conducts Bhagwad Gita classes and aims at spreading religious
awareness and Gita gyaan through her website, www.dalsabzi.com
— an obviously Indianised version of the "chicken soup
for the soul" series. She explains how the concept of
karma is pertinent in the modern world. "There are two
schools of thought followed by believers. The first doesn’t
believe in free will. I subscribe to the second, which means
that I allow room for the possibility that our actions, and
hence, our destiny, lies in our hands to an extent."
Shakun is of the firm belief that destiny is greatly affected
by actions, prayers and deeds. "The results of your
karma can be categorised into three groups," says
Shakun, who simplifies the definitions by means of metaphors.
"The first is time bound, like a passing virus,"
Shakun explains, adding that in this case, problems would last
over a certain period of time and then disappear almost
miraculously once that duration has passed. This can be seen
in cases where relations that have been strained over lengths
of time, suddenly improve.
Shakun compares the second type of results that one’s karam
may result in, to a "bacterial infection." In
this case, she says, "just as medication would offer
relief for an infection, so also would prayers or good deeds
help ease the pain or problems a person is experiencing at the
The third case is more serious, and can be compared to a
serious illness; no amount of prayer may be able to tip the
scales in one’s favour. But, Shakun insists, "As it
is impossible make out which of these three categories one’s
circumstances fall into while experiencing them, one can hope
to find relief for the effects of their past karma, through
prayers and good deeds through their lives." Shakun
adds, "In retrospect however, one can place almost
every experience they have had in life into one of these three
for a businessperson: According to Shakun, Hinduism is liberal
— it allows for shades of grey, rather than viewing things
as black or white. It allows room for actions that are
required in order to achieve one’s dharma without being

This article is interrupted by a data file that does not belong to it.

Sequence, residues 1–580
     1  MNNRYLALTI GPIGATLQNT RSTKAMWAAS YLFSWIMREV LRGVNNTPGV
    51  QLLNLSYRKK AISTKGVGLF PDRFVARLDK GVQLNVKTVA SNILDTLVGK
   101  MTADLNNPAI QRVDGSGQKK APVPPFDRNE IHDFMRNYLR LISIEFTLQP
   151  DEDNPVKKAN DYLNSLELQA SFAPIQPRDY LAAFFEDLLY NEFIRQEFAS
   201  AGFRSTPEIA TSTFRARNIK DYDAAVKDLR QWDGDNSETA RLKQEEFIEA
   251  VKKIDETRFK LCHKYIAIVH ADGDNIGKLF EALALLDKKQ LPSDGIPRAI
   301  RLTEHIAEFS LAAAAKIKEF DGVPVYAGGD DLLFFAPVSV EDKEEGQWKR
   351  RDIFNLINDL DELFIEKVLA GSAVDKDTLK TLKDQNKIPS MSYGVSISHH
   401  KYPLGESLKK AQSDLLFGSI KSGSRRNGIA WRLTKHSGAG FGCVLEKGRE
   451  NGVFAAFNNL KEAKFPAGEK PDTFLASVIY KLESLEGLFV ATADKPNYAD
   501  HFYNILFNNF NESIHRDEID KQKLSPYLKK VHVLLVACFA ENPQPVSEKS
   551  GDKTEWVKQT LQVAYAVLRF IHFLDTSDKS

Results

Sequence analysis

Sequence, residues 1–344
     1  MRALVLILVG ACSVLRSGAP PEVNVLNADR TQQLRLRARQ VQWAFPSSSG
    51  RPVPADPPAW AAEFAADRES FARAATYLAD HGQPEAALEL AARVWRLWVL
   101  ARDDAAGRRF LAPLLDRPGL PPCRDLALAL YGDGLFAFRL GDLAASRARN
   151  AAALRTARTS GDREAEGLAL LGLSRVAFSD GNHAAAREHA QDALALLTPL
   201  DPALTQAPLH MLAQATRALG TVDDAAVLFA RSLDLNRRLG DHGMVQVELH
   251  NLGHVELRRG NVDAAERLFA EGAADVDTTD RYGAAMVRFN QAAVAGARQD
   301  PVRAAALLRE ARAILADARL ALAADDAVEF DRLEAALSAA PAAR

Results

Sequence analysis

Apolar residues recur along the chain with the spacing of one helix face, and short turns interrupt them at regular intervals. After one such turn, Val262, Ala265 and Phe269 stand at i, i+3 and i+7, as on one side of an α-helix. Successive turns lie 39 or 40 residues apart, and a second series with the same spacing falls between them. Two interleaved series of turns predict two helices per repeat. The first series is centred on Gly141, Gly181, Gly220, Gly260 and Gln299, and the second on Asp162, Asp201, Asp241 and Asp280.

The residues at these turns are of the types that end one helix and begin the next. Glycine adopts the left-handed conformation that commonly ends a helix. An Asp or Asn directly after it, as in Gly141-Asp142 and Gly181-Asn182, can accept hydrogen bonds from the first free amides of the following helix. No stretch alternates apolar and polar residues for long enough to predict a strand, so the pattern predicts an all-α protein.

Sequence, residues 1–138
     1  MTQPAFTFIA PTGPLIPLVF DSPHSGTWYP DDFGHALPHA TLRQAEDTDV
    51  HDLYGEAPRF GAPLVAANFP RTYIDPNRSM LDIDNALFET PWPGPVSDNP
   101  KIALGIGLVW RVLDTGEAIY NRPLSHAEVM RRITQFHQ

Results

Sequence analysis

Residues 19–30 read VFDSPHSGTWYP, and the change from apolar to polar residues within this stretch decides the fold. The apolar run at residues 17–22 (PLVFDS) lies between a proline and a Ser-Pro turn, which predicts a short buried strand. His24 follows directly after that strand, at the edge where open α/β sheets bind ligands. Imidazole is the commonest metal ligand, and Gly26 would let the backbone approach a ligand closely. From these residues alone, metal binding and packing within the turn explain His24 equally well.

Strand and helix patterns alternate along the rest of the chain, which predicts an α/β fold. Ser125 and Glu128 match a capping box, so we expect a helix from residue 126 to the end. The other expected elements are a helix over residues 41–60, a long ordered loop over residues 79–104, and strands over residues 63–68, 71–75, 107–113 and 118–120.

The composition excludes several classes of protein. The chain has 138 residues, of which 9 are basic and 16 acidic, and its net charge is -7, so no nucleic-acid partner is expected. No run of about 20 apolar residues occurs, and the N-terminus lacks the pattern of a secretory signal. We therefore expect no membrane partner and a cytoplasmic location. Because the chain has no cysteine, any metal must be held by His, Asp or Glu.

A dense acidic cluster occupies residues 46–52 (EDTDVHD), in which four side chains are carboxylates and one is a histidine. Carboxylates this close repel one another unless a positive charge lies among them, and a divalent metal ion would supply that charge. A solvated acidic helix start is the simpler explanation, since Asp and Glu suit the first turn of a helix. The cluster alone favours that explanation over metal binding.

judged too harshly for it.
Although Shakun is very clear on the fact that bribing
officials or "stealing" in any manner, way or
form creates bad karma, she explains that every circumstance
is different. "It would be wrong for a boy to steal
food even if he was starving, but his circumstances and the
fact that he was acting on his survival instinct, may result
in him being judged less harshly for that crime, when compared
to a person who steals out of greed."
for a partner: When one person
in a relationship commits a "crime", the
other person may also have to account for the misdeed. Shakun
explains, "In olden times, when women were not allowed
to work, and had no way to contribute to the collective income
of the household, or may not have had any say in what their
husband did for a living, women would have been less
accountable for their husband’s deeds."
However, Shakun feels that the dharma of the modern woman has
changed, and despite this, when a woman makes demands for
jewellery or contributes to her husband’s greed, then, such
a woman would definitely be judged as a partner in whatever
crimes her husband commits in order to get her the lifestyle
for the criminal lawyer: Shakun feels that some criminal
lawyers are performing their dharma by defending even the
guilty, and hence would not be accountable for that act.
"It is then the dharma of the prosecuting attorney to
present the argument."
in affairs of the heart: According to the Gita, it is the
intention behind one’s deeds that separates the good from
the bad. Shakun says that it important to be true to oneself
and to strive to keep from hurting anyone. "If genuine
love is the driving force behind the break-up of a
relationship or marriage, the party responsible would only
accrue bad karma if he or she has acted in a way to cause
deliberate harm and hurt to others, without a thought for
anyone but himself or herself."
"If, however, a person is in a loveless marriage and
finds himself/herself unable to control his/her feelings for
another person, then it is better to release the spouse from
the bonds of such a sad situation," Shakun explains,
cautiously adding, "But each case is relative and
every set of circumstances is different. So, the only person
who can really tell what the intention was behind any deed,
and therefore, distinguish between good and bad deeds, is the
person who commits them. Their heart is the best judge."
The law of Karma applies to all
read what other personalities have to say about karma, click: